Friday, May 20, 2022
HomeAutoPorsche Taycan and Audi e-Tron GT: An Electric Family Tree

Porsche Taycan and Audi e-Tron GT: An Electric Family Tree

Perhaps more than any luxury maker, Audi has pushed to make its E.V.s reassuring and accessible: The e-Trons are Audis first, electric cars second. The original e-Tron S.U.V.s, especially, will pass for the same Audis that haunt every fair-trade coffee roaster and school pickup queue in America.

The e-Tron GT maintains that philosophy, subsuming its electric tech under a voluptuous grand-tourer body and a comforting blanket of Audi luxury. Only this time, it’s impossible to ignore the monsters below, which awaken with every prod of your right foot: dual electric motors that peak at 637 horsepower in the RS version. The next thing you know, the monster devours 60 m.p.h., a 3.1-second uprising that leaves you hanging on for dear life. Thank goodness for massive, optional carbon-ceramic brakes, their forceful poise welcome on fast, mini-Alpine descents in the Hudson Valley.

Add the Audi and Porsche to a growing list of 2.5-ton electric sedans with wild acceleration. The RS e-Tron immediately becomes history’s most-powerful Audi, topping two gasoline stablemates also sired by Papa VW: the R8 V-10 and Lamborghini Huracán supercars. The Audi GT costs less, though that’s relative, starting from $103,445. That rises to $140,945 for the RS version, and $161,890 for my heavily optioned RS.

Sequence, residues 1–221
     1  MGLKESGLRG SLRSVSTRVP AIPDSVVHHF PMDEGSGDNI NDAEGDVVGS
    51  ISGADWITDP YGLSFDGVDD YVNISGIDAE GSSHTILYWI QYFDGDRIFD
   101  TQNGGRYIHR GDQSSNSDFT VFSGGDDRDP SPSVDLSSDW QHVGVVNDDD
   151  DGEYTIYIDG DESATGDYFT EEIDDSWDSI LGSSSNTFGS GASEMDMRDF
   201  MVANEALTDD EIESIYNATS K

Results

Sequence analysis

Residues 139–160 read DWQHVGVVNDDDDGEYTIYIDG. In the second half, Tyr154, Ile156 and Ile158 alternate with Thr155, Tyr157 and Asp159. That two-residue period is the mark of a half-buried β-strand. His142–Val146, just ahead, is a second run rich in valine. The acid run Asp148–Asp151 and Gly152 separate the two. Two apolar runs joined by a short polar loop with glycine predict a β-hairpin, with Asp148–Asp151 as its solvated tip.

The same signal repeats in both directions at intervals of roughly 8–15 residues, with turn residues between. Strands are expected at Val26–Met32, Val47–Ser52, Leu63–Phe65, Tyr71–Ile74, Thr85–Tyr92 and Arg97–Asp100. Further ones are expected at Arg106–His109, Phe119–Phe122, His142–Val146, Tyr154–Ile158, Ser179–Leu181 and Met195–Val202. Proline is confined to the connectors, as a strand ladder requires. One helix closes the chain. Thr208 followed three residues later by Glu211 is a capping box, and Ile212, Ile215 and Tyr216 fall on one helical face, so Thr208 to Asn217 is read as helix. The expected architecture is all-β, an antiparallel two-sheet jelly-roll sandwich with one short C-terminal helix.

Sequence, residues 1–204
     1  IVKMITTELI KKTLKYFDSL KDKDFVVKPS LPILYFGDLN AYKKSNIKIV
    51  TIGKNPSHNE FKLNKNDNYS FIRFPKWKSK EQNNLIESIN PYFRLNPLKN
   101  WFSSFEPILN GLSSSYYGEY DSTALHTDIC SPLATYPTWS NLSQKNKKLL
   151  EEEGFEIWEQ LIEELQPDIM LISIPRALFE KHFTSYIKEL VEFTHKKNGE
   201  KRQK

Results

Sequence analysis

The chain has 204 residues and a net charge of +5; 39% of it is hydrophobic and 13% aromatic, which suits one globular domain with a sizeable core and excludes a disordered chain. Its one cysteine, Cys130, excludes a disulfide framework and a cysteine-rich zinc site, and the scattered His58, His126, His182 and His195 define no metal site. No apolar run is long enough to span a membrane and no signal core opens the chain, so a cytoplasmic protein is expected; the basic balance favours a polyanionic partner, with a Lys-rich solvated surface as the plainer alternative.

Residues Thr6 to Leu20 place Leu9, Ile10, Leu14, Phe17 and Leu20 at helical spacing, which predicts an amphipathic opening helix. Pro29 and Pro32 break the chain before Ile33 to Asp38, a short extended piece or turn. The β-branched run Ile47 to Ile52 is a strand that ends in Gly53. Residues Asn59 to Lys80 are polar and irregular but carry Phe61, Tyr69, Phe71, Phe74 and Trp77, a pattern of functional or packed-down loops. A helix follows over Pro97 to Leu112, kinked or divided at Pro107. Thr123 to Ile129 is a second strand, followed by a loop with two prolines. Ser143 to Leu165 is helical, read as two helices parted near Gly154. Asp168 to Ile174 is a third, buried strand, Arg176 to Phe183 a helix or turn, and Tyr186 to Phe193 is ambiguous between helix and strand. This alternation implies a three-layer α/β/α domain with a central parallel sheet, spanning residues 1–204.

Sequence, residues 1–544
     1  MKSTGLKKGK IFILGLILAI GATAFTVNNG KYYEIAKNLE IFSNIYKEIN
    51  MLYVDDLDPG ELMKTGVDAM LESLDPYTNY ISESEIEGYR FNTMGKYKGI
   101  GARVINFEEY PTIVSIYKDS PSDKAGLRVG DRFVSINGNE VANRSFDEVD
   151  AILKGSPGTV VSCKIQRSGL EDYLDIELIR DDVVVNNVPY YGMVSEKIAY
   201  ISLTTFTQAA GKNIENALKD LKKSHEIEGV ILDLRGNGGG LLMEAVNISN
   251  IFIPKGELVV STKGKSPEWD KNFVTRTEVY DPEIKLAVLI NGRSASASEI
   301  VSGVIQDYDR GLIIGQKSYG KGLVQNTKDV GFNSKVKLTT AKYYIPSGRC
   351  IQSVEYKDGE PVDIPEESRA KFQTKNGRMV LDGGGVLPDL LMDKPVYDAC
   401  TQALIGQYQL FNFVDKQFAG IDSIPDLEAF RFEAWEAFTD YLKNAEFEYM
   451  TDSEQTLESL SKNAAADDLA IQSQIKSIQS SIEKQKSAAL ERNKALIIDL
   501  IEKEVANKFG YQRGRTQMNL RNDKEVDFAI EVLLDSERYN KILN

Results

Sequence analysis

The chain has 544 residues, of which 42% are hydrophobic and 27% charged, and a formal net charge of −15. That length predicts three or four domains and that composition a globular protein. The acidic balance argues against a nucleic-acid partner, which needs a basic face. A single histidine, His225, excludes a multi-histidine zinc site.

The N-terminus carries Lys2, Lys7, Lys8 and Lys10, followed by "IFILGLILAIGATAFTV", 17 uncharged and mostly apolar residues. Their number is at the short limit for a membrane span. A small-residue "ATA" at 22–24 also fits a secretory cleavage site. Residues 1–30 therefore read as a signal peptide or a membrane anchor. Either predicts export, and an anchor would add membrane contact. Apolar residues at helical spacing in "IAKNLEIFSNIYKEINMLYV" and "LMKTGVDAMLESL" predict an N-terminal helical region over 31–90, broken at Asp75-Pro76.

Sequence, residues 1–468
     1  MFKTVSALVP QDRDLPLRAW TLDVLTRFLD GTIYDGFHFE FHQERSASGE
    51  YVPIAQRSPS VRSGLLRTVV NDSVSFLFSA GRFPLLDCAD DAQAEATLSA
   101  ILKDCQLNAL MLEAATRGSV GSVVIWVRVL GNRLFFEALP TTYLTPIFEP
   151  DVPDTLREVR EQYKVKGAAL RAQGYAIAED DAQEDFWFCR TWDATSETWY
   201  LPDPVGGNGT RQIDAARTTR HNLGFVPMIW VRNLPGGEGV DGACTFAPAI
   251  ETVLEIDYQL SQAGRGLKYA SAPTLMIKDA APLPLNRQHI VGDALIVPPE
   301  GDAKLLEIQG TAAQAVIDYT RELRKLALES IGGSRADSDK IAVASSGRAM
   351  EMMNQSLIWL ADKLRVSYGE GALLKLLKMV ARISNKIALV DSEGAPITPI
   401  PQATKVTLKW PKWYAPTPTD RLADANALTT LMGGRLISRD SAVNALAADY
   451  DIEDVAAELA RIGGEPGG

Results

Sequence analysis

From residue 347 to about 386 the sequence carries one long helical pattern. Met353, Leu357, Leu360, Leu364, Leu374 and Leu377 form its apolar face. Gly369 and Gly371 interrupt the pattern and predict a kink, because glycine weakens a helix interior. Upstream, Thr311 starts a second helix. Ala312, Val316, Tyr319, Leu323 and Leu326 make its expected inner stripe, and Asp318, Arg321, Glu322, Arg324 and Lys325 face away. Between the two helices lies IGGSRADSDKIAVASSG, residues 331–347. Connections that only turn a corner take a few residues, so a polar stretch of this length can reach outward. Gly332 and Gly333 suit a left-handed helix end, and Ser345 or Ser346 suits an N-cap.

Audi engineers tuned their own adjustable air suspension for a slightly mellower, luxury-cruiser vibe. Steering is creamy and precise, but transmits less pure, fingertip feel than the benchmark Porsche. The RS’s standard rear-wheel steering angles tires in the opposite direction of front wheels at up to 31 m.p.h. to goose agility or trim a turning circle, then turns tires in parallel beyond 50 m.p.h. for stability.

In contrast with Porsche’s engine-based digital soundtrack, Audi sound designers developed an acceleration tune that drivers conduct with their right foot, piped through the sparkling Bang & Olufsen audio system. Audi experimented with multiple instruments, including a didgeridoo, before crafting a digital mix of 32 sounds, both natural and synthesized, including a cordless screwdriver and a fan pushing air through an organ-like pipe. The riff, which responds algorithmically to vehicle performance, can be turned down or off. Unlike some grating E.V. soundtracks, it’s cool in modest doses, recalling an unearthly chorus from a Benjamin Britten space opera.



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